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chloroform. These solvents are highly inflammable, and must, therefore, never be used in the same room with an open light or flame.

Lay the material, right side down, on apiece of clean blotting-paper or brown wrapping-paper. Rub around and around the spot with a piece of the same material which has been dipped in the cleaning-fluid. Be careful to approach the spot gradually and keep rubbing around the edge of the spot which is damp with the cleaning-fluid so that no ring forms. If you do not approach the spot graduaUy, the grease will spread over a large surface.

Ether and chloroform are less liable to leave a ring than gasoline or naphtha.

A good mixture for removing grease-spots is made from equal parts of alcohol, benzin and ether.

Grease can also be removed from silk or woolen materials by spreading French chalk over the spot and allowing it to stand for some time. This absorbs the grease. Shake the chalk off the garment and if it leaves a mark dissolve the remaining particles with benzin or ether, being careful to rub around the edge of the spot which is damp with these fluids until they have completely evaporated, to prevent a ring from Forming.

POWDERED FRENCH CHALK OR FULLER'S EARTH may be used by placing the powder over the stain and holding over a heated iron. The heat will dissolve the grease, and the powder will absorb it. Grease can also be removed from most materials by placing the material, right side down, over a piece of brown wrapping-paper and pressing over the wrong side of the material with a hot iron. The heat of the iron drives the grease from the material into the paper, because grease has a tendency to go from a warm spot to a cooler one.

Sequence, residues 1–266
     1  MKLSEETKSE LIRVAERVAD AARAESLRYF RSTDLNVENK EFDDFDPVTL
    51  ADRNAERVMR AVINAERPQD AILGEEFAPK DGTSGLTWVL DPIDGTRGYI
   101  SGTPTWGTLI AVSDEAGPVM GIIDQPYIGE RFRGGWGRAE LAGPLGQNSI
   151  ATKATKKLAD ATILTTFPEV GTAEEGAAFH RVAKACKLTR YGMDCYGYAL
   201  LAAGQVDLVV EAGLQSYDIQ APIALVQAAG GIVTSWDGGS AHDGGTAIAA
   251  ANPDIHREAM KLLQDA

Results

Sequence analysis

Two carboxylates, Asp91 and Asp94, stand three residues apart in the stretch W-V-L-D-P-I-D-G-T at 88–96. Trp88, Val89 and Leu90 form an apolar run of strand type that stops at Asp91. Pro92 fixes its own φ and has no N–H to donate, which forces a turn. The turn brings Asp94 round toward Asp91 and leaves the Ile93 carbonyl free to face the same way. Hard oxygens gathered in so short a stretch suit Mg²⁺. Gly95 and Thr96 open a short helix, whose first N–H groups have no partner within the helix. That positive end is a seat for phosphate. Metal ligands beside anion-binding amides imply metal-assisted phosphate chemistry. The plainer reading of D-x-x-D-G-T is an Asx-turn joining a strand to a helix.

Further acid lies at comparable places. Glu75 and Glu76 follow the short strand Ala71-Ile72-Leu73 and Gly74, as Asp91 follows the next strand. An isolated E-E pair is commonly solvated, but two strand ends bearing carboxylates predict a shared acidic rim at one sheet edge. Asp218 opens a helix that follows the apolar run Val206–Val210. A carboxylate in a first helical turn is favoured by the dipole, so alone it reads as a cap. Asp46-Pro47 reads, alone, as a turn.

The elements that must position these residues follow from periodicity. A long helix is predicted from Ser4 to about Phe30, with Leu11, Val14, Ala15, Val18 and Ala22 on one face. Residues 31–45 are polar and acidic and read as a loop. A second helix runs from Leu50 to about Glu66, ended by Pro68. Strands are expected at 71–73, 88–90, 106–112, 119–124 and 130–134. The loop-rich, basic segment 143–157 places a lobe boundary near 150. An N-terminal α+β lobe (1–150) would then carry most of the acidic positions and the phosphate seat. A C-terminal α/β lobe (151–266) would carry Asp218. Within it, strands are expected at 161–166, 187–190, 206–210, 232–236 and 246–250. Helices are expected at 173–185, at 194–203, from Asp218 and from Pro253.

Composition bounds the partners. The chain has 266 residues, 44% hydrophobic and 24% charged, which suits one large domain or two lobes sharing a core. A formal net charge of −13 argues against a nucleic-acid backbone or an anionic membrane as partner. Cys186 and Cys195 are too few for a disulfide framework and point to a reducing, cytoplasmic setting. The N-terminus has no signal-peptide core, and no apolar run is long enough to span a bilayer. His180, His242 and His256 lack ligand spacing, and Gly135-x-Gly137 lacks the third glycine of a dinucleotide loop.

TO REMOVE GREASE FROM WHITE GOODS, wash with soap or alkaline lyes. Colored cottons or colored woolens may be washed with lukewarm soap lyes.

MACHINE-OIL STAINS may be removed in the following manner: Moisten borax and rub it on the stain from the outside toward the center, taking care not to spread it. Pour water through the material. Washing with cold water and a pure soap will remove most stains of machine-oil.

BLOOD-STAINS may be taken out by washing with soap and tepid water. They may also be removed by covering the spot with wet laundry starch and allowing it to stand. Afterward it should be washed.

TO REMOVE FRESH INK. Fresh ink can be removed from almost any material by stretching it tightly over a bowl or deep vessel and pouring boiling water through the spot with force from a height. Or, if still moist, rub either salt, meal flour or sugar, and wash in cold water.

In White Materials lemon-juice may be put o-er the spot and covered with salt. Then place the article in the sun for a while, and wash. The process may be repeated, if necessary, until the ink-spot is entirely removed.

Another method of removing ink-stains from white materials is to let the material soak in javelle water, made from one-half pound of sal soda, two ounces chlorid of lime and one quart of water. After soaking a few minutes, wash in clear water.

TO REMOVE COPY OR INDIA INK FROM WHITE MATERIALS. Make a strong solution of oxalic acid and cold water. Soak the spot for a few moments in the oxalic acid and then soak it in ammonia. If necessary, repeat until the stain disappears. Rinse thoroughly in cold water.

TO REMOVE IRON RUST FROM WHITE MATERIALS. Lay the article in the sun and apply oxalic acid to the spot with your fingers wet with water. When the spot is removed, rinse the garment thoroughly. Also wash your hands well after using the acid. It is practically impossible to remove iron rust from colored fabrics, as the acid used in removing the spot takes out the color so that the remedy is worse than the rust.